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    Bill Would Make Permanent FDA's Rare Pediatric Voucher Program

    New legislation introduced this week would reauthorize the US Food and Drug Administration's (FDA) rare pediatric disease priority review voucher program, which is currently set to end after triggering a sunset clause in its authorizing statute. Background Priority review vouchers are incentives meant to catalyze the development of new therapies for historically under-served disease areas, such as rare pediatric diseases affecting fewer than 200,000 children in the US...
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    Pediatric Priority Review Voucher Program Set to End After FDA Approves New Drug

    The US Food and Drug Administration's (FDA) rare pediatric disease priority review voucher program is slated to end in one year, after the agency awarded its third-ever rare pediatric voucher, thereby triggering a little-known provision in the voucher program. Background Regular readers of Regulatory Focus will be familiar with FDA's priority review voucher programs. We've written about them extensively over the years, and the vouchers are the focus of our most rec...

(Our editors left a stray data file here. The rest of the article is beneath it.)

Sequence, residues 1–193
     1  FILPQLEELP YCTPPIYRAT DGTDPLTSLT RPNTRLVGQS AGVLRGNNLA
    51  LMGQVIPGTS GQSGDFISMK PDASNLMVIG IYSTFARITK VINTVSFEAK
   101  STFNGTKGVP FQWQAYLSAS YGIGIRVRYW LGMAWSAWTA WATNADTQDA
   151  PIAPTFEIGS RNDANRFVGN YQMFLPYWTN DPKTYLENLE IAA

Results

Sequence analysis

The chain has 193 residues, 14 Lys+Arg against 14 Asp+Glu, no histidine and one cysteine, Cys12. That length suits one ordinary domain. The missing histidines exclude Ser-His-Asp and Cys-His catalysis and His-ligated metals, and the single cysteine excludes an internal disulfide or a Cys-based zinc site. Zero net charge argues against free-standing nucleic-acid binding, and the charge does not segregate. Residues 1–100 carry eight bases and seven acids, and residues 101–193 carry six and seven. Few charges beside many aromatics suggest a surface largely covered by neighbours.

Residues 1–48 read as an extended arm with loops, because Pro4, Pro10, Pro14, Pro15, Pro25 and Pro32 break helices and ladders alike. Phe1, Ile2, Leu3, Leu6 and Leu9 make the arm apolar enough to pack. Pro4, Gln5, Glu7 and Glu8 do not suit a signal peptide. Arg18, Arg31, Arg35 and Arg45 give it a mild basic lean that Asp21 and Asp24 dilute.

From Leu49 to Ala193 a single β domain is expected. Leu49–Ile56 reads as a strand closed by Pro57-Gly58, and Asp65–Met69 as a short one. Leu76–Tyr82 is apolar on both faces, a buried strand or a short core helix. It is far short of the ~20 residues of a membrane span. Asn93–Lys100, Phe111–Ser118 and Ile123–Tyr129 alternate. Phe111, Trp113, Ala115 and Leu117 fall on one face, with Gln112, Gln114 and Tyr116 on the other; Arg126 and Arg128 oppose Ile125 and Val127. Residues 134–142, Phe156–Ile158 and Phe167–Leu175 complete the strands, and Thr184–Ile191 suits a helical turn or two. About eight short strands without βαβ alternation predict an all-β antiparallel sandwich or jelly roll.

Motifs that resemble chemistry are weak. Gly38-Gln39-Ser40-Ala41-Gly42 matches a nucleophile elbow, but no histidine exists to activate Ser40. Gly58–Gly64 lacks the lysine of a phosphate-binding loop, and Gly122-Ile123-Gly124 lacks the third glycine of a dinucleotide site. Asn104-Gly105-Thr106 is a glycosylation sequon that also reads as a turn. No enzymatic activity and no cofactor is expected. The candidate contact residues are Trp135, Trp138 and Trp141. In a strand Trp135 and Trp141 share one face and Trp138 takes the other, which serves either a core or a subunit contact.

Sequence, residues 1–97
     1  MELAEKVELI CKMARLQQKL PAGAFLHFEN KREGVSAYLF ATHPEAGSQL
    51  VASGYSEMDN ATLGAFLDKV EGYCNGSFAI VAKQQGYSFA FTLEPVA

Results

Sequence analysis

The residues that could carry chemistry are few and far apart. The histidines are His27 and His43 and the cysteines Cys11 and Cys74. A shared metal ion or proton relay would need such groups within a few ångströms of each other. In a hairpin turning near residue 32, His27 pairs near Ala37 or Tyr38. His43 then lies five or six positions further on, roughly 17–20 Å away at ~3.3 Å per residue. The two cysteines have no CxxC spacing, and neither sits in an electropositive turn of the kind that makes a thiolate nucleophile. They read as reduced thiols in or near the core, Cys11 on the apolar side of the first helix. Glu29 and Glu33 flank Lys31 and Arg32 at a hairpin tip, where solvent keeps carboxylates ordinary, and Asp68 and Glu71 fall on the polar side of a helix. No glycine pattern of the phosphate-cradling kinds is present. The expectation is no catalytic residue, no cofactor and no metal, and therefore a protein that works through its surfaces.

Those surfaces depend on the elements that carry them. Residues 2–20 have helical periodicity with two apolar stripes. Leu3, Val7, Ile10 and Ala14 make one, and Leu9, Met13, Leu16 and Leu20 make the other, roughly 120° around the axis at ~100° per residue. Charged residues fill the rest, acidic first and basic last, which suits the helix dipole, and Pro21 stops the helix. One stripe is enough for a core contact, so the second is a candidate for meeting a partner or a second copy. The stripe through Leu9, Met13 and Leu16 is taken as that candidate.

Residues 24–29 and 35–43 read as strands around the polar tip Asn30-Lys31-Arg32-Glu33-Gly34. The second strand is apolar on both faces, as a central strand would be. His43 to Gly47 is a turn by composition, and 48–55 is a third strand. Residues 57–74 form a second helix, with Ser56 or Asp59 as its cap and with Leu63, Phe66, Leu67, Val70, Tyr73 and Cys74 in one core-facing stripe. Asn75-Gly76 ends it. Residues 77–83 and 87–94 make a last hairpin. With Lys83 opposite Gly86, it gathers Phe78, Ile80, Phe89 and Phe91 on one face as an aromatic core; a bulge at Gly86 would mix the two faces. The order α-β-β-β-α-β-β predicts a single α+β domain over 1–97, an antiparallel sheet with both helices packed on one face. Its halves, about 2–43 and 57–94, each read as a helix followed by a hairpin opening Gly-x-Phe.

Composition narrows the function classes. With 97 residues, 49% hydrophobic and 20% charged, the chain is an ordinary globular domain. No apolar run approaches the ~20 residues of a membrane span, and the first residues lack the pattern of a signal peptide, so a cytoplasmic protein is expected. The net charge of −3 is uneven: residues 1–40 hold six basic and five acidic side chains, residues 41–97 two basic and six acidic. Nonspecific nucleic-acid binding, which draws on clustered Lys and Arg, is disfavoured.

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    With New Data in Hand, Could Sanofi and Regeneron Use a Regulatory Shortcut?

    A new drug being co-developed by drugmakers Sanofi and Regeneron could, according to new data , dramatically decrease low-density lipoprotein (LDL) cholesterol in patients and lessen cardiac events. But it's a reduction in something else that could be most important for Sanofi and Regeneron: the time it might take the US Food and Drug Administration (FDA) to review the new drug, Praluent. Background In July 2014, Sanofi and Regeneron announced they had purchased what...